When you join a fraternity, it could very well be a life-long commitment. You should never make this decision if you aren’t ready or because someone is pressuring you. There are a handful of stereotypical features that new college-goers tend to be the most excited about, but they are not standalone reasons to join. You may want to reconsider if you’re looking for these things out of your potential fraternities and not much else!
1. Drinking Buddies
Hollywood has glamorized frat life in a way that is inaccurate and harmful to people looking forward to it. Fraternities are committed in many ways and are not committed to regularly becoming intoxicated. While you may have social events at your frat house, do not fall prey to the belief that frat houses are party houses.
Let’s dive into this a little: underage drinking is not a joke. A freshman is almost always under the legal drinking age – it can be extremely harmful if everyone around them drinks copiously. Binge drinking, pressured consumption, and spiked drinks are all massively essential topics that are sometimes treated as jokes in this setting. A great way to address and protect yourself is to call out any harmful behaviors you see. This would go a long way towards not only making frats a safer place for everyone, but it could also start to reverse some harmful stereotypes surrounding fraternities.
A fraternity should agree to be highly mindful of alcohol in the house. There should always be a few brothers or chaperones staying sober to supervise things. If things get out of hand, people can get hurt. It can mean serious problems for anyone involved. Education is power!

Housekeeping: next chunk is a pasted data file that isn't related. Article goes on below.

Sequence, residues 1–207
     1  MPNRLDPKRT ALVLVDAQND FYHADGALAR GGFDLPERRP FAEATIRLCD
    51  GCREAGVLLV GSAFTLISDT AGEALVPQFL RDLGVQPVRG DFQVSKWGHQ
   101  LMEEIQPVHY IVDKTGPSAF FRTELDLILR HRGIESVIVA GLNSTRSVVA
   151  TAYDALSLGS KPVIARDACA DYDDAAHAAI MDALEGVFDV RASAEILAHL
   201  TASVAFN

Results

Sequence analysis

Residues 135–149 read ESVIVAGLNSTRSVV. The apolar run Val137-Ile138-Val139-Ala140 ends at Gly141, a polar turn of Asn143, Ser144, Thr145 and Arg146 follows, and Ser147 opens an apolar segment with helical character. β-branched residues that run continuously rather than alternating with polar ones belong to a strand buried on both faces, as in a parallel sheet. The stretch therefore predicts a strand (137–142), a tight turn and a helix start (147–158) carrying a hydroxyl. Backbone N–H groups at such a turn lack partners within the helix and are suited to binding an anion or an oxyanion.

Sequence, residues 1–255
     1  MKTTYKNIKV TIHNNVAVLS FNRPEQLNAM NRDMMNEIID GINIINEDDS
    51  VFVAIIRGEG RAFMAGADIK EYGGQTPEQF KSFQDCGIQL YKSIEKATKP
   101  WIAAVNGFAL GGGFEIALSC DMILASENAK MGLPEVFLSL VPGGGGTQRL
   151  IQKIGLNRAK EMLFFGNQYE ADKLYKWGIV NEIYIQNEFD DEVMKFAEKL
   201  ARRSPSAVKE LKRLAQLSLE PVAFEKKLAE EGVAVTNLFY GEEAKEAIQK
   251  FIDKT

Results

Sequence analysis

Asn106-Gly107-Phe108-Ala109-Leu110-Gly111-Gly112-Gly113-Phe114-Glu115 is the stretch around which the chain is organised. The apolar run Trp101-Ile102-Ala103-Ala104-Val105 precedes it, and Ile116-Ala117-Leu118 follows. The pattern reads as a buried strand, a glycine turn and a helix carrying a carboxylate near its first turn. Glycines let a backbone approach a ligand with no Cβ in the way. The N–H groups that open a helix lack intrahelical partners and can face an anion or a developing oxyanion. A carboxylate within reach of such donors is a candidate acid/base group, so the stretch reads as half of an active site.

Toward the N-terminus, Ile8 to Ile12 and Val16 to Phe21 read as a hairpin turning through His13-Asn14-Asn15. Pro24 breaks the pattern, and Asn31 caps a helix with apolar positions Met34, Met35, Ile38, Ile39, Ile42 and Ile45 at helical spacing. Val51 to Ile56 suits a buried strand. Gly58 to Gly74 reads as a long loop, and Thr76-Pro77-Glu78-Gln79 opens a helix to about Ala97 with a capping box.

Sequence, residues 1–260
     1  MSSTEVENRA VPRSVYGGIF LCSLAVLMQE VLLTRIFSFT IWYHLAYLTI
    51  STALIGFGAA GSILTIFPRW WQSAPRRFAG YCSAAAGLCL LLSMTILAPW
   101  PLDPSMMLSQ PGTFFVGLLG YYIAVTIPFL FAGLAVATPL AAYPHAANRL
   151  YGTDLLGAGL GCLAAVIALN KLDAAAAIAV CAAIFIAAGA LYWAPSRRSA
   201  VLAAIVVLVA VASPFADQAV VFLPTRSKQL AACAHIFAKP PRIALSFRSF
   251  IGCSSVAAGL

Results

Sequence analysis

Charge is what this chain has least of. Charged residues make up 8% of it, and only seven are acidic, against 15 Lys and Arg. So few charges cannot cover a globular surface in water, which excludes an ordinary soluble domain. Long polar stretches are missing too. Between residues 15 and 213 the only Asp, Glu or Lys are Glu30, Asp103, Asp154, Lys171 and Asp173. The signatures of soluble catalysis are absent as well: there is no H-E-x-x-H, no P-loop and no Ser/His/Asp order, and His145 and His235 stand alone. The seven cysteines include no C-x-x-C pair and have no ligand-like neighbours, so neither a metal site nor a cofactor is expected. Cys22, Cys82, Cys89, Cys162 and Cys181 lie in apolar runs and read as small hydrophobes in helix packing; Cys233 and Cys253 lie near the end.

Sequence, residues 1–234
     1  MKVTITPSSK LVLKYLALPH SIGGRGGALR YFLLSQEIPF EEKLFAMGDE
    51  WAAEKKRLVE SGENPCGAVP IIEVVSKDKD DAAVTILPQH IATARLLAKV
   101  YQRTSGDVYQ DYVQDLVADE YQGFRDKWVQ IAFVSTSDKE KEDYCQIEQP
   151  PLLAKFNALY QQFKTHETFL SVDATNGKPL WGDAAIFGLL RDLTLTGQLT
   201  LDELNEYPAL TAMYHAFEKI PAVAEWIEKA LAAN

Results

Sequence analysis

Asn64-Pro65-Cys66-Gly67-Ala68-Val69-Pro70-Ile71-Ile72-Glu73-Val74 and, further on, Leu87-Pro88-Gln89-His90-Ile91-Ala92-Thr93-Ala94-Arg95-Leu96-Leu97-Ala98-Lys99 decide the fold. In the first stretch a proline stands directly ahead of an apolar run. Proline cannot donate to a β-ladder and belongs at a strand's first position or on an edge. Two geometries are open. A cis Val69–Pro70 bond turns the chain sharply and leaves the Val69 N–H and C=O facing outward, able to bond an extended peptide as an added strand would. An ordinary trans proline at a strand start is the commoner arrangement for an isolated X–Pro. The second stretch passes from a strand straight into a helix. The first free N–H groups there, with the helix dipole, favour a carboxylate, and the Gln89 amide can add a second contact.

2. Making Your Family Happy
You should only join a frat because it makes YOU happy, not your father, grandfather, or uncle. Often, if a family has a history of joining frats, there will be a life-long expectation that when you get to college, you’ll follow in their footsteps. They might even have a preference on which frat you join. You shouldn’t do what they want if your heart is not in it.
Family pressure can be challenging to overcome, especially if it runs deep. It’s important to ensure your motivations are right, or you will most likely not be devoted to the causes that your fraternity works for. That’s not fair for anyone–your brothers, the people you’re supposed to serve, or you!
3. Credentials for Nothing
Here: fraternities can be expensive. If you think you’ll be able to walk in, make your plans and begin gathering your resume without wrong. There are not only monetary contributions you distributions of your time. There will be projects, outreaches, and all kinds of events, you’ll be chock full of the benefits you sought, but it won’t be free. You cannot join a fraternity and live the same college life you would have otherwise. You might have to clean up after events, and you may have to provide unplanned help and support for the chapter. It will be an entirely different experience, and if it’s right for you, you’ll be grateful!
Why You Shouldn’t Join A Fraternity
If you aren’t ready for the fundraising, the commitment, and the brotherhood that comes along with your decision, you may need more time to think. If you ultimately decide to be there for the right reasons, more power to you!
Too often, pledges do not consider the reality of their decision, so they join without thinking about it enough. In these situations, the pledges might be met with various challenges they are both unprepared and unwilling to work with, resulting in an unfortunate situation.
Is A Fraternity Worth It?
A fraternity is only worth it if you decide it is. And if you do, we’ll be there to help you out along the way! GreekXperience is devoted to explaining the ins and outs of Greek life before you sign your pledge. Currently, we offer information on our blog about sororities and fraternities; in addition to tips and tricks, you’re in the house for once. In addition, our app helps you connect with the best-matched chapters on your campus and provides organizations with a chapter management tool to help with those tedious tasks of a frat houselike managing rosters, collecting dues, and helping out with communications.